Further, we have Drive the Vote and Carpool Vote. Both are new tools that mimic car sharing apps like Lyft to help get people to the polls for free. I’m expecting a big push for these services when the midterm elections come around, especially in areas with voter restriction laws, or places with unreliable or no public transportation. Also curious if they will let people book rides for the elderly who may want to vote but aren’t going to use a smartphone app to book themselves a ride. A good service to keep an eye on, regardless.
Surprisingly, older technology is showing a strong resurgence these days. For many congresspeople with perpetually full voicemail boxes, and unchecked email, there is always faxing. SAY WHAT?
You can send up to 5 free faxes A DAY with FaxZero.com, and pepper your elected officials without picking up the phone. I’ve a mental picture of the fax machines in these offices just constantly spitting out paper that slowly starts to fill the room, makes me smile every time.
Google Docs are also becoming a real tool for the people. Google groups, shared spreadsheets, and sign-up forms have been popping up wildly. It’s wonderful when we don’t have to download or learn and entirely new interface to get involved, since a very high number of people have at least a passing familiarity with Google’s tools. Though, these require a person-to-person referral. This one, for example, is a sign-up form to be a proxy for a person who is unable to use the phone themselves. Reserved specifically for the disabled, it’s wonderful that something so simple can help amplify these voices.
All this is to say that you don’t necessarily have to be on the front lines of tech to also be on the front lines of change. Simple technologies or technologies that haven’t changed much in recent years are still just as relevant, no depreciation when it comes to these. I mean, even an oven is technology. And can be used to make snacks for a group of civic minded friends, bc who doesn’t love snacks?!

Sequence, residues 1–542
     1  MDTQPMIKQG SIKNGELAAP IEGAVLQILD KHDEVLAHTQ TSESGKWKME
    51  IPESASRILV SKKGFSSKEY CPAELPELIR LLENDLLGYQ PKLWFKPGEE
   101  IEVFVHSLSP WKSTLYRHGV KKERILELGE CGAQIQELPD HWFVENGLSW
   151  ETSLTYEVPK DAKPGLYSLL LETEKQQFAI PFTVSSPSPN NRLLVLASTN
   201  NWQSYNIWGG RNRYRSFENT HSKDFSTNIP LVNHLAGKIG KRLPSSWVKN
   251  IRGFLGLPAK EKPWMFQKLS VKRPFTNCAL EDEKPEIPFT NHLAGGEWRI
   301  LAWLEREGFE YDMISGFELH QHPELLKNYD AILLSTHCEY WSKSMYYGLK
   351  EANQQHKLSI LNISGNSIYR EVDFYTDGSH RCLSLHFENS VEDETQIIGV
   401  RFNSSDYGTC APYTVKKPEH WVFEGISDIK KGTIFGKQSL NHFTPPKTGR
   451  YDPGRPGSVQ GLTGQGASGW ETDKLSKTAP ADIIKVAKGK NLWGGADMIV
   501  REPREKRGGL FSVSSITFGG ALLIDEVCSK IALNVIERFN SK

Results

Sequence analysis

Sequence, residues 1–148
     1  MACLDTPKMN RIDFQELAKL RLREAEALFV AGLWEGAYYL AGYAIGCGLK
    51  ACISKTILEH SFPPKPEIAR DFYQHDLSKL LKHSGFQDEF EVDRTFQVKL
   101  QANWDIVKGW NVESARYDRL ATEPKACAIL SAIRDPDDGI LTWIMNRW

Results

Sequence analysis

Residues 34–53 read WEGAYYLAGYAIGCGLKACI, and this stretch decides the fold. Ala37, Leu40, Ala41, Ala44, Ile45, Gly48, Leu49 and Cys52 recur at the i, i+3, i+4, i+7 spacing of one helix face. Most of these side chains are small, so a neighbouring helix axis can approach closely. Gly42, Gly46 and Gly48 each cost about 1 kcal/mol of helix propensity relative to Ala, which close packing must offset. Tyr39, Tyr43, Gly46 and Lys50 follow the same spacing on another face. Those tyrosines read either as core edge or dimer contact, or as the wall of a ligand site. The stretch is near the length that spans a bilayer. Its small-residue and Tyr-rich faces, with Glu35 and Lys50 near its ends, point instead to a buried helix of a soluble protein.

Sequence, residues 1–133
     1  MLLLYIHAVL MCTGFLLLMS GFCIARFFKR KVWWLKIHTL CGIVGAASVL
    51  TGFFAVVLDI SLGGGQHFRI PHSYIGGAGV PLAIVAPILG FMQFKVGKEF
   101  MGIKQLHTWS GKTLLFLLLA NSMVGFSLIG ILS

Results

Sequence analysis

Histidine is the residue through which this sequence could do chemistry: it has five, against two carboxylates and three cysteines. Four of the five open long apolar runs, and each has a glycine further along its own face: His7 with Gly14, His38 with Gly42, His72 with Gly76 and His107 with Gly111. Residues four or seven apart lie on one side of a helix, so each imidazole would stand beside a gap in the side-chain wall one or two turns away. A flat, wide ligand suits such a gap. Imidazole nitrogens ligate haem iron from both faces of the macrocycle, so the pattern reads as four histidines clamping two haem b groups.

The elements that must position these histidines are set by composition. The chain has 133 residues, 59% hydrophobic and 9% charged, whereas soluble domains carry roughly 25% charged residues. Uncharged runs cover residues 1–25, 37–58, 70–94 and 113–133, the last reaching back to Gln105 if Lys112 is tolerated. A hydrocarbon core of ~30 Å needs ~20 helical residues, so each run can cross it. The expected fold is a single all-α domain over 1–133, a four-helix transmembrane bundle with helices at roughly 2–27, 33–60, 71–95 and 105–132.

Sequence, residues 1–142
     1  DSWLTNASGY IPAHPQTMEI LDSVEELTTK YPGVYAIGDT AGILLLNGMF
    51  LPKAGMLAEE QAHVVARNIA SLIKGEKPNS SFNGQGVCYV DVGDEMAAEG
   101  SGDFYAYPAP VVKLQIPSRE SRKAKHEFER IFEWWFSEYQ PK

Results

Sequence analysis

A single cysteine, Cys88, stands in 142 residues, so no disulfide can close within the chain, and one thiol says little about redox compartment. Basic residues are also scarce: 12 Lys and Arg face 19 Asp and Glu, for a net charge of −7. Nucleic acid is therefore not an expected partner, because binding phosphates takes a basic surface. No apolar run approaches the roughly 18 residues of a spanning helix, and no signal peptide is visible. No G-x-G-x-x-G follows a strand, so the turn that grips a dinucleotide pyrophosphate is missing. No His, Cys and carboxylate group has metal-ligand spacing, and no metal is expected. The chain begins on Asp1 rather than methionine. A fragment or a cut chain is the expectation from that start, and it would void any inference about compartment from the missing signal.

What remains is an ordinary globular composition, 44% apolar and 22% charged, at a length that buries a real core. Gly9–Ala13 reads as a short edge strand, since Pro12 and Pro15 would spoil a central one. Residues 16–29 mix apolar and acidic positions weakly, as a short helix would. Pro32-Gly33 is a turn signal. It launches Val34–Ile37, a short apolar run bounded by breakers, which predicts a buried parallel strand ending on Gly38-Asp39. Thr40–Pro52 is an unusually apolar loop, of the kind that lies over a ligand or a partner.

In summary. Make a routine for yourself. Decide what kind of bandwidth and resources you have, and we all have SOMETHING to offer, and bring it out there. Getting family & friends involved makes it less work and more social. If you come from a family with widely differing views, is there a neutral cause you can both get behind? For example, food donations are generally always non-partisan, as are book drives. Start with the causes you DO agree on and improve your bond with those before attempting to dialog about the more complex hot button issues that maybe driving a wedge between you. This is where it’s especially important for small steps, patience, and consistency. With continued openness and exposure it’s possible to find more common ground.
Because it doesn’t require a certain level of hard-won life experience to get involved with social justice initiatives. You are already enough. Just by being here.
Just by being here.
What shop you say? Well, mine. It’s only about 37 seconds old. And it’s right ova here! And it’s got paper for sale! Heavy-weight (for wrapping paper at least) stock that comes in two colors per order so you can layer and mix-n-match for a look that’s different AND helps you use up those pesky scraps that are always leftover. I’d love it if you bought some, don’t forget 25% of sales go to the Little Village Environmental Justice Organization, so you’re also helping them as well as me. Be sure to order this week to receive in time for Christmas!
If this ain’t your thing (fair enough) still sending all sorts of good vibes your way. And, you can always sign up for my mailing list instead for early notifications & discounts for future items. Even your eyeballs on this post mean so much to me. Let’s toast to that and here’s to getting fired up for 2017 too!
Seems like there are two types of people during the holidays: those who absolutely LIVE for this time of year. They have a billion traditions, endless cheer, all YAY CELEBRATE every day until The! Big! Day! Then, there are the rest, stressed out, sick, spread too thin, pressured maintain a base level of joy to avoid being labeled a grinch and a fun-sucker. Because how could anyone not love the holidays?! When lots of people can and do for all sorts of rational reasons. Not to mention the mass consumerism which can be overpowering.
Normally, I find myself in the latter camp, but I decided way back in the heat of summer that I would make this year different. Because I knew this holiday season would be hard, this is the first holiday without my dad. What I didn’t factor in was the election and its resulting effects also definitely not helping. For me as much as for the world, I need to contribute something meaningful and in service of others. And to acknowledge the strain the holidays can be, without raining on anyone’s parade.
This led me to one of the things I often find irritating about the holidays and that is the wrapping of gifts, both in the making of, and the materials themselves. Gift wrapping is so often a rushed obligation, fodder for the garbage can, and the literal last thing on the to-do list. Ugh. Who has the time and energy at that point?